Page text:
Three Times Around the Circle
Lau Wei had come to the Southern Highlands by way of the Chinese Nationalist Army. As a loyal member of the Gwomingdang, he had spent the twenty prime years of his life
warring. When their cause had become corrupt, and defeat certain, the Gwomingdang retreated to Taiwan. He parted from them, heading South, choosing his own future.
He was a peasant. At birth, he passed from the
midwife's hands onto the earthen floor and was bound to the earth ever since. His father was a peasant, as was his mother, his aunts, uncles, grandparents, and on down. For hundreds of years, his family worked the land,
and, after generations of marriage among neighbors, most of the villagers came to acquire the family name "Wei," and so it was. Were it not for war, he would have remained in the village of Wei, and by now
would have been an honored elder. Had nature's course held true, he would have had many children, and even more grandchildren, which he would have prepared carefully for their own lives in the village Wei.
the years of war changed that. First was the anarchy, stirred by the warlords; then the nationalist struggle; and then the occupation by the Japanese; and finally, the revolution. When all was over, the village of Wei
had disappeared. The people, his people, were gone.
So, having nothing to return to, he chose to go South.
Only those closest to him knew that he had spent his youth in the Temple of Hwang Lung. As was the
case in many pre-revolution villages, youths with promise were hand selected from among the many to learn the skills of the ancestors. The chosen ones eventually became the village leaders, as well as the healers,
teachers, priests, and protectors.
In line with temple custom, the flat bottom of novice Wei's right foot was tattooed with a dragon, its fiery breath pointed frontward. The left bore a raised hand. These were
the traditional marks of one charged to suppress evil. He was a protector. The brands had been placed in those places so only the holder need know of their existence, and their significance.
Spending his later
years in the South, he worked the land and kept to himself. Except for chosen students, no one knew his secret, that he was the twenty first master in the line from Southern Mountain. Because he was a healer, and a
renowned thinker, the peasants venerated him, though they seldom lured him away from the land he worked and loved.
Eventually, other scions of the Guomingdang also turned South, especially when the Cultural
Revolution of the North marked a dramatic end to their reign of influence. But these men journeyed South for reasons other than peace. The peasants of the South proved no match for the displaced warlords. In just a few
short years, the harvest changed from rice to opium. The dust roads, meant to carry oxen, now bore the crisp tire marks of western limousines, inevitably preceded and followed by the staccato tracking of armored
vehicles. The peasants, who had never before experienced poverty, were now desperately poor. Their families had become weak, and households with eligible daughters were few.
The southern village of Chu Nan lay in
a most fertile but inaccessible valley, protected by a limestone gorge, through which only one man and a cart could safely pass together. The warlords coveted the fertile valley for its rich soil, and for its natural
defenses, but could not gain influence with its traditional elders, many of whom over time had become disciples of Lau Wei.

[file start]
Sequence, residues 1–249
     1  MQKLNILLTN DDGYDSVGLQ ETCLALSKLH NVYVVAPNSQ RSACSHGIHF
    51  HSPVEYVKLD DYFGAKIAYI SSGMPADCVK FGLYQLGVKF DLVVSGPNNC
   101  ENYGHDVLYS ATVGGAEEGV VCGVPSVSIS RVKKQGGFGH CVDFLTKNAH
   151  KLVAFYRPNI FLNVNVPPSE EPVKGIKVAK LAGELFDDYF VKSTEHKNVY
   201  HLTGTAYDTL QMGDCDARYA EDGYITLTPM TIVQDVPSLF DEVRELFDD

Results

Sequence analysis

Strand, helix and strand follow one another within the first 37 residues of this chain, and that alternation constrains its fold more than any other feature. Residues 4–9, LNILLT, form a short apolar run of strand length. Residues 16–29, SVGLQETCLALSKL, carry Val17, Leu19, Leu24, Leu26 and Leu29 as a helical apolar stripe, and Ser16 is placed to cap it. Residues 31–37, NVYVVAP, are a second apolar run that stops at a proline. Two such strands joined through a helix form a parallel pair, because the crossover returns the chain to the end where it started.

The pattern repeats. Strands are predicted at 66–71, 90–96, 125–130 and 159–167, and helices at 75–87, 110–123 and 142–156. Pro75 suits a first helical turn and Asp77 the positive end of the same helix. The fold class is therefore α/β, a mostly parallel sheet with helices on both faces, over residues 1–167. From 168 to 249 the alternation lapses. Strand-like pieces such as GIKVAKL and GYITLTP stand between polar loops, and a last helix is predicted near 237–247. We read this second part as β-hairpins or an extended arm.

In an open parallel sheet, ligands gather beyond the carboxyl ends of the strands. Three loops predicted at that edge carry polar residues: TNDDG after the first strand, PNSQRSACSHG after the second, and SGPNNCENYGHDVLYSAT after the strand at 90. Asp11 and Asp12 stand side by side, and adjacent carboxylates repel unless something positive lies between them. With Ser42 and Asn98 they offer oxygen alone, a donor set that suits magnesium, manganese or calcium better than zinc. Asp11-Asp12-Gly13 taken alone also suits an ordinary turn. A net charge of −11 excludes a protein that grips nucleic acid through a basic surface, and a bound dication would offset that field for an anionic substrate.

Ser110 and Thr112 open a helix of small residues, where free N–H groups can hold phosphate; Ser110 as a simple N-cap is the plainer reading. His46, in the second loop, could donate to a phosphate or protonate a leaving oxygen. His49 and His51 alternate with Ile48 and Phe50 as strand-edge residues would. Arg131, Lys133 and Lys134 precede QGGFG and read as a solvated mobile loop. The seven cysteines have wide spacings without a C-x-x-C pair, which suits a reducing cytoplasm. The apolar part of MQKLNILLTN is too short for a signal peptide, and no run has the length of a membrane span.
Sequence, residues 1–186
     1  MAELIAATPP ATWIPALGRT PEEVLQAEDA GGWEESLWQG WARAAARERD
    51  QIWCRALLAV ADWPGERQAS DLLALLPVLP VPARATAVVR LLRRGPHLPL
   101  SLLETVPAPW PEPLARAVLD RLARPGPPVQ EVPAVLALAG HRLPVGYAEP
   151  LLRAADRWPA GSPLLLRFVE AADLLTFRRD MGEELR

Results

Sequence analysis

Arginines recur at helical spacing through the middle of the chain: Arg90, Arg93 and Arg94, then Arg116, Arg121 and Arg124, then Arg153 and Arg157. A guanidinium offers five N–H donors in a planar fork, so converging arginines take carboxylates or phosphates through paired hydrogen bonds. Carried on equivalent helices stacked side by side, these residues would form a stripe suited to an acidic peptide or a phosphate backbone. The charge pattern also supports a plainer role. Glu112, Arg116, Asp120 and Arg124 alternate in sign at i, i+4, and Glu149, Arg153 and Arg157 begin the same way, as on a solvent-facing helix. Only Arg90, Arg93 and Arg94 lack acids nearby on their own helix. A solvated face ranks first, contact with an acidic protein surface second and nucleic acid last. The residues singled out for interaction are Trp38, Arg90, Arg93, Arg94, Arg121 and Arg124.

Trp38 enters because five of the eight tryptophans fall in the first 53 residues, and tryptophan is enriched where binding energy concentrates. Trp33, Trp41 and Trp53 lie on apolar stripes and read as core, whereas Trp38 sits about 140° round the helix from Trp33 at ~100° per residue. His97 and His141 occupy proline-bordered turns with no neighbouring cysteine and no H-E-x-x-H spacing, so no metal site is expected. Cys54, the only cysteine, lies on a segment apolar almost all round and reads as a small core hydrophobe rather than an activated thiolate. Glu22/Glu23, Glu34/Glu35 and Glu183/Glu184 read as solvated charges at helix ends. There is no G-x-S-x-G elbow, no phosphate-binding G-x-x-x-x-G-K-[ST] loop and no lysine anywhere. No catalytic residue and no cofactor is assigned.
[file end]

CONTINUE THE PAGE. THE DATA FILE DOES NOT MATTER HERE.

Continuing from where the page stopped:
It was clear. The interests of the warlords required they solve the problem of Lau Wei.
Killing him would be inappropriate. But surely, humiliating him would weaken his influence among the leaders, and the ambitious youth, tipping the scales to the interests of the warlords, and allowing the desired
foothold into the valley. They knew once they gained entry to the protected valley, they could never be forced to leave, by insiders, or by outsiders.
They searched long and far for a warrior certain to defeat the old man.
After they found him, this is what came to pass.
It was mid morning of the seventeenth day of the harvest month. Change was in the
morning air, and steam bellowed from the sweated students who attacked the blindfolded Wei. Though 72 years old, when Wei demonstrated "fighting blind," his speed and power were that of a man much younger.
On that day, a stranger entered the camp.
Finishing the drill, Wei removed his blindfold, announcing that he would journey to the market for two days in search of buyers for his crop, but before he could
finish his thought, he turned slowly and sighted the one whom he already knew had come with malicious intent.
"Welcome stranger. How may I serve you?"
"If you are Wei. I have come to test you."
In the distance, the old man saw the cool mist lift slightly from Cat Lake. Laughing children played to his rear, and in the far distance, a dog barked.
Facing the stranger, he answered, "For what purpose shall I submit to your test?"
Unyielding, the challenger spoke, "If you defeat me, you will have great honor."
The old man laughed,
shaking his head. A snake darted in the grass at his feet. "No disrespect meant. Honor I have. It is peace which my weary bones seek."
"That is not an acceptable response, old man!"
"Then fight my students!" the old man, clearly annoyed, added. "Don't disturb me today, I am headed to market."
Ju Ming, a young peasant, stepped between them and, facing the stranger, warned
"We are peaceful people here. You are not welcome...," but before he could finish, he was down and unconscious.
The old man motioned for others to assist, trembling and angry that his failure to act
promptly had allowed an innocent to be injured.
Eyeing the stranger, his brows arched upward as he hissed, "You refuse from a cursed womb. In my time I have dispatched countless mongrel dogs of your ilk to
their karmic reward. You defile the very earth on which you stand, and your presence here offends my land and threatens to curse my harvest."
The old man had already kicked dirt onto the stranger, but when
he punctuated his tirade by spitting at the stranger, everyone, including the stranger, was shocked. All stood silent. The wind tossed the husky caps of rice. From within his jacket, the stranger whipped out a short
sword, and in one fluid motion, attempted to slice the old man from left clavicle to right hip. But the old man nimbly avoided the strike, heckling that, "You come for honor, but slash at an unarmed old man,
intending to kill the innocent. Did not your teacher explain righteous conduct to you?"
"I am a man of honor," responded the challenger, defensively, as he threw down the blade and tossed off his
jacket. He stood before the old man like a tiger, timing the movement of a grazing doe, patiently tempering its appetite for the certain kill. "You have your challenge, neither of us will leave until you recognize
"What I recognize is that another worm has surfaced from the excrement to announce it has come to defeat me. But the worm knows nothing about who I am, or what I can do. I will grant you this. I
now challenge you! If you defeat my challenge, then I will acknowledge that you are my master."